13
Mar
10

Facebook wrecks your photos

There’s a great item at the Washington Post about how Facebook is becoming the default place to share photos. It explains how people are using it instead of Photobucket and Flickr, probably because of the greater social sharing ability on Facebook. Certainly, when I shoot some fun photos of family and friends, Facebook is the first place I put them because that’s where most of those people will see them first.

But I know some things to be wary of that most users don’t. The article addresses those concerns: Facebook shrinks your photos to fit them within the constraints of the albums online, and compresses the images. That may not be a big problem with your cellphone pics, but if you upload real pictures from a real camera, it’s messing with your images. And as the article points out, if you are using Facebook as photo storage (instead of your own hard drive), you are basically throwing your good photos away. You’re not going to get good prints, or even good High Definition quality screen views, of your photos after Facebook has messed them up.

But there’s more. When you take photos with a digital camera, a bunch of useful information is embedded invisibly in the photo. The brand of camera, your exposure settings, the lens you used, the date and time it was taken. If you have a GPS attached to your camera, it adds that info so you can know exactly where you were when the photo was taken. If you use Photoshop or similar tools, you can embed valuable caption and copyright information into the photo.

When you upload a photo to Facebook, all of that is stripped out. It even loses its filename. Losing its filename is not that bad, if that basic information is still left in. But once you upload to Facebook, it’s all gone. That photo no longer belongs to you. Oh, you still theoretically own the copyright, but there’s nothing to identify the picture, and there’s nothing to keep others from taking your photo and using it for their own purposes.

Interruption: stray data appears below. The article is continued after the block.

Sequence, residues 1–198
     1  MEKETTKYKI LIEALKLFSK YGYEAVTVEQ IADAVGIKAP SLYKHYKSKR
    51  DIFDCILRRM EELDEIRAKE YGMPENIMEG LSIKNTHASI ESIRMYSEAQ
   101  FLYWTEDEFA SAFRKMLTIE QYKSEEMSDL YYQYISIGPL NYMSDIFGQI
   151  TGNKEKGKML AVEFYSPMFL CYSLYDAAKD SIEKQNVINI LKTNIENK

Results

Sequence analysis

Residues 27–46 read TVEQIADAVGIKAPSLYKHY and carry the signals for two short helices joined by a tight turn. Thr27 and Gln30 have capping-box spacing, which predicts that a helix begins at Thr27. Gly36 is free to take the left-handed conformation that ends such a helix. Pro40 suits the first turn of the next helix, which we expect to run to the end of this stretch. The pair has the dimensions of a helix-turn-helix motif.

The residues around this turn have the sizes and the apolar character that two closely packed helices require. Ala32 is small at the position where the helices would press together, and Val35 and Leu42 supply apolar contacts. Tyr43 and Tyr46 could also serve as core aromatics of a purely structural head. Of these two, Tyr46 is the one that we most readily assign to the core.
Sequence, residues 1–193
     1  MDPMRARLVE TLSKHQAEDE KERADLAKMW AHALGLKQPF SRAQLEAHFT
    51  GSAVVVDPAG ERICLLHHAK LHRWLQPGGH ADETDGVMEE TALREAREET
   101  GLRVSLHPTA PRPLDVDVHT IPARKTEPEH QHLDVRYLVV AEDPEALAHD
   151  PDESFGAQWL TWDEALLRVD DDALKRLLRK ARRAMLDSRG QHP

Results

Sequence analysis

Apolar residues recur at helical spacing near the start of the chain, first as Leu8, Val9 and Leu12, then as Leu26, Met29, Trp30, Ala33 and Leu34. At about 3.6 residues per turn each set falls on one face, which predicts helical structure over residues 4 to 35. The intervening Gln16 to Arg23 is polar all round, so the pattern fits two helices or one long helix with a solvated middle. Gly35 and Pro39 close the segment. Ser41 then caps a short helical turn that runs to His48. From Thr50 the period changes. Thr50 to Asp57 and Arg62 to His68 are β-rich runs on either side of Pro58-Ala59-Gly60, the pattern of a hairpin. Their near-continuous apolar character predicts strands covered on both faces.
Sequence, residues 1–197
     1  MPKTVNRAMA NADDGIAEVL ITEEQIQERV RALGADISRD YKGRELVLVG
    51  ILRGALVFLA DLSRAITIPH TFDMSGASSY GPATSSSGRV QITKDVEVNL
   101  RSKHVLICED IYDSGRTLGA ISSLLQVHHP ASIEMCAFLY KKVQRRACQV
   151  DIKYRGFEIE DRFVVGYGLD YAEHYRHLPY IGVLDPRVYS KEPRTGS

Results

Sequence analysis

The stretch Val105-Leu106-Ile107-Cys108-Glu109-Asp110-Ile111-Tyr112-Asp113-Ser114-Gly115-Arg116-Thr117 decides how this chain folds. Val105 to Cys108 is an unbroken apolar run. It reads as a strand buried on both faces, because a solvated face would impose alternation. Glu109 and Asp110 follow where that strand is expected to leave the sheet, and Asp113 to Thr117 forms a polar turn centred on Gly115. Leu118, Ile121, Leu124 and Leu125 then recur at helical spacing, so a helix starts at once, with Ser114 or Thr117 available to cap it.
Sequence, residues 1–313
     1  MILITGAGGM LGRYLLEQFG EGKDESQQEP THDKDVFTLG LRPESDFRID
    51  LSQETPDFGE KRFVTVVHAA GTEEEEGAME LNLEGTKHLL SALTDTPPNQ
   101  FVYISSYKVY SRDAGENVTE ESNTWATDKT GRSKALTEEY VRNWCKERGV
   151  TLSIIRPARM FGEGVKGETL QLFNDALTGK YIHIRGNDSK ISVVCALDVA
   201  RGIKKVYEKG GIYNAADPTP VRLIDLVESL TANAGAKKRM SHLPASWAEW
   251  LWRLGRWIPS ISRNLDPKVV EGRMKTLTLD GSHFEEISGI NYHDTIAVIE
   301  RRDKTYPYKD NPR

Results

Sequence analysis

On a sharing site like Facebook, it’s kind of OK to let others use those photos you upload, especially if they’re family and friends. Isn’t that the point? But at the same time, does it make sense for the photo to lose all sense of identity (when it was taken, who took it, where) if, as the article states, Facebook says “it’s not photo quality but context — a pinpointing of place, time and participants — that people care about these days.” Facebook took that all away when you uploaded the photo.

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4 Responses to “Facebook wrecks your photos”


  1. March 13, 2010 at 8:44 pm

    I find myself tempted to post my personal photos to facebook instead of flickr or photobucket. Thanks for reminding me all the reasons why I don’t want to.

    • 2 realitytourist
      March 13, 2010 at 9:11 pm

      There are ways to post to Facebook to protect the integrity of your photos, and yourself. You can watermark your images if you want to keep people from wiping them. I make a conscious choice each time I post to Facebook about what and why and how big I’m going to upload my photos.

      While I have both Photobucket and Flickr accounts, most of the time if I just want to upload a gallery of photos for friends and family, I use my Picasa galleries. Then it doesn’t matter if they’re on Facebook or not.

  2. 4 blackwatertown
    May 10, 2010 at 8:18 am

    Interesting and informative post. I usually use flickr – though it’s been a bit dormant lately – or post straight to the blog. Something about facebook that just doesn’t appeal when it comes to posting photos online – not as a first port of call anyway.


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